New federal program helps homeless after disasters

Photo of a flooded city street after a hurricane. Photo by Adobe Stock.

When renters get displaced by a natural disaster, they will face many hardships in the months to come. Still, many of these households are fortunate enough to get help from the Federal Emergency Management Agency (FEMA).

But what about people who were experiencing homelessness before the disaster struck?

HUD has recently announced the first round of funding for a rapid response program helping persons who were homeless, or at risk of homelessness when a disaster occurs.

The Rapid Unsheltered Survivor Housing (RUSH) program fills the gap in FEMA assistance available to homeless persons and households with the lowest incomes. The program is funded by $56 million HUD has set aside from the Emergency Shelter Grants (ESG) program.

HUD’s first round is targeted to Florida communities damaged by Hurricane Ian. Although the program has limited funds, HUD will be able to use it for future disasters around the country.

Who is eligible for RUSH assistance?

Disaster survivors are eligible for RUSH assistance if they:

  • Are homeless.
    This includes those living in an emergency shelter, transitional housing, or a place not meant for human habitation (“unsheltered”).
  • Are at risk of homelessness.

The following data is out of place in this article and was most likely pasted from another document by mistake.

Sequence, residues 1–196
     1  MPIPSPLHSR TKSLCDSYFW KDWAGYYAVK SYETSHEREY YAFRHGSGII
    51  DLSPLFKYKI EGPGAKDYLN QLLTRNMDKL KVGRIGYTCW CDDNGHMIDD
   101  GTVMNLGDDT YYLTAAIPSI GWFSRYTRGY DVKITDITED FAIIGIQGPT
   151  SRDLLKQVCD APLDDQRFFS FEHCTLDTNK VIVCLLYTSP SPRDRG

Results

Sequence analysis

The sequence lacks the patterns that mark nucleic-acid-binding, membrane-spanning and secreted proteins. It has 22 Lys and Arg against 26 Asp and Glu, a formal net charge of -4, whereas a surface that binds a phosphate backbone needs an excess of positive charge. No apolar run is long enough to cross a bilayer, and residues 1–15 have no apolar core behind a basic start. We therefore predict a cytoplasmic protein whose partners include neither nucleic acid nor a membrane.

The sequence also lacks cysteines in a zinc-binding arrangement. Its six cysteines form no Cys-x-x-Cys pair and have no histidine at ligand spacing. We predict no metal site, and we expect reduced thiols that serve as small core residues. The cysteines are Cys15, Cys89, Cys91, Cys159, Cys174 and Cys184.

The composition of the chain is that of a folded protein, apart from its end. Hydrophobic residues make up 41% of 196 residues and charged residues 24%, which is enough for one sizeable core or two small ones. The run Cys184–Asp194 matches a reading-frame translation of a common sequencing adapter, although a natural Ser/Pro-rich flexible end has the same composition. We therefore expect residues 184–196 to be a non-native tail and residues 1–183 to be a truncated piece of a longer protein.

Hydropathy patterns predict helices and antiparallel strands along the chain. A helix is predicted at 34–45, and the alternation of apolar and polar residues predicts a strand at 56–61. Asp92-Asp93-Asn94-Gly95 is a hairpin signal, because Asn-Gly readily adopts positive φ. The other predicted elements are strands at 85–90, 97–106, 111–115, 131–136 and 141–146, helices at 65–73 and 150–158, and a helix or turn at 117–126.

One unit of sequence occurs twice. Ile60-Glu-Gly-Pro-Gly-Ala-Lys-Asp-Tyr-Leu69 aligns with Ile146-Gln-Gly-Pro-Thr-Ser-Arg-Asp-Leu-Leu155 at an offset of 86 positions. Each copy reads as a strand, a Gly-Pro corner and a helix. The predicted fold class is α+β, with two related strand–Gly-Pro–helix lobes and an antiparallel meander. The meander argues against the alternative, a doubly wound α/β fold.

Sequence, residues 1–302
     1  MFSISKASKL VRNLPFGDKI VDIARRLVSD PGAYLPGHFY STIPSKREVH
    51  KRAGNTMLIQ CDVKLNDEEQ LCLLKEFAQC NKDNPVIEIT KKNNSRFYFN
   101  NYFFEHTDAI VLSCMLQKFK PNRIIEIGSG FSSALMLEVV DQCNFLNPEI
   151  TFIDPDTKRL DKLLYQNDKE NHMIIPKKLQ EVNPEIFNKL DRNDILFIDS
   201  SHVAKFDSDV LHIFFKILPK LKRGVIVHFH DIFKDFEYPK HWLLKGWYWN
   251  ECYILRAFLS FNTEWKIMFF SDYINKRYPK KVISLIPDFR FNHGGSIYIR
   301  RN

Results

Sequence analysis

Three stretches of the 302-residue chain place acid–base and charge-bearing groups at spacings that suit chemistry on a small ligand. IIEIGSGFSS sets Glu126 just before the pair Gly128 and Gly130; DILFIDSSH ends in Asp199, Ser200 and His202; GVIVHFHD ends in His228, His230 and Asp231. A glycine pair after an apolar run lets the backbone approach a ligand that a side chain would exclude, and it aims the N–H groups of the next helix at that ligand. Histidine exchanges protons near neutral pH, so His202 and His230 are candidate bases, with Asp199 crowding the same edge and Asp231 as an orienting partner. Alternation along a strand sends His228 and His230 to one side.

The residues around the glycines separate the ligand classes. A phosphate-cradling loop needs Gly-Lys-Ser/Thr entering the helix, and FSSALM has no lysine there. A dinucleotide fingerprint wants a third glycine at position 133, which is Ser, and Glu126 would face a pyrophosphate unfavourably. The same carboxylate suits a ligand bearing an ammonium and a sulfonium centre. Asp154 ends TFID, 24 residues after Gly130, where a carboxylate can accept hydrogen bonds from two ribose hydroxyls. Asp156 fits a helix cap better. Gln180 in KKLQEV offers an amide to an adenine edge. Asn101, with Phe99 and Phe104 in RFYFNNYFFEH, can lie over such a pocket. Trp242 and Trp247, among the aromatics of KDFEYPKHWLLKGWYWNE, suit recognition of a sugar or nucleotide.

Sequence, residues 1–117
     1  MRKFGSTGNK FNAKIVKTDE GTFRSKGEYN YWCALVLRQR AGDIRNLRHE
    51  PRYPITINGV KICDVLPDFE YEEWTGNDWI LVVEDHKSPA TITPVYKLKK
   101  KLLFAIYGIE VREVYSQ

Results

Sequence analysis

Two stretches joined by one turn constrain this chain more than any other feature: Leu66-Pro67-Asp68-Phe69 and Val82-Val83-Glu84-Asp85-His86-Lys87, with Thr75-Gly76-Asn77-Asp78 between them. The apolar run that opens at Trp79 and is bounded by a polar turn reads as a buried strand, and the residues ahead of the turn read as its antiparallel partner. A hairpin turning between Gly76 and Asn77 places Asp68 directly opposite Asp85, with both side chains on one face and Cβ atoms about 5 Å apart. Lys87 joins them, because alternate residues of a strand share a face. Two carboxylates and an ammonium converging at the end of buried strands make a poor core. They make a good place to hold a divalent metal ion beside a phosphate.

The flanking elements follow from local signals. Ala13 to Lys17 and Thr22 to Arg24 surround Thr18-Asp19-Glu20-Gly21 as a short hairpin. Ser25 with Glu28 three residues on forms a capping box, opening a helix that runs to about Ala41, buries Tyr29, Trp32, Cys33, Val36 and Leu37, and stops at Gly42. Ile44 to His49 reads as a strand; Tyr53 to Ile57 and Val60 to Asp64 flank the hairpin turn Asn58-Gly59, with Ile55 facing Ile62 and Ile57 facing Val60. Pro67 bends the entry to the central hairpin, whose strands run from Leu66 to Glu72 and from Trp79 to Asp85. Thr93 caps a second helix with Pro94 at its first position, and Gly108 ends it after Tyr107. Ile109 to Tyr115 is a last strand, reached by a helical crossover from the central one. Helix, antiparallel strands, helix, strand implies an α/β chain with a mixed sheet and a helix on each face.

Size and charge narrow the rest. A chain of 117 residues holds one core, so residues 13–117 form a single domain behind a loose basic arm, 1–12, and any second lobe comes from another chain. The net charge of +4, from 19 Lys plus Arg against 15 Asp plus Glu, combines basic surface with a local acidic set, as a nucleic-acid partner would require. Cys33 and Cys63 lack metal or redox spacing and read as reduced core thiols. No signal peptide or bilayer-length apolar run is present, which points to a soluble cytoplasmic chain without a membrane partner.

These residents have incomes below 30% of the Area Median Income (AMI), and either live in overcrowded housing, face eviction in the next 21 days, or have another risk factor for homelessness.

What are the benefits of the RUSH program?

The RUSH program provides the full range of assistance that the most vulnerable disaster survivors need to get back on their feet. In addition to emergency shelter, the program provides the following:

1. Rapid re-housing for those homeless before the disaster

  • Up to 24 months of rental assistance.
  • Financial assistance for move-in expenses.
  • Supportive services.

2. Homelessness prevention for those at risk of homelessness

  • Up to 24 months of rental assistance.
  • Utility assistance.
  • Supportive services.

Why is the RUSH program needed?

People experiencing homelessness before a disaster have only limited eligibility for FEMA’s Transitional Sheltering Assistance program. This is the main program that provides housing while communities rebuild from disasters, including temporary trailers. 

FEMA also does not provide long-term housing assistance. It also does not fund supportive services designed to help formerly homeless people stay in their homes. When FEMA’s short-term assistance runs out, HUD says that many displaced people wind up at risk of long-term homelessness.

People experiencing homelessness are often left behind as communities rebuild from disasters. HUD’s new RUSH program will help the most vulnerable disaster survivors share in the rebirth of their neighborhoods.

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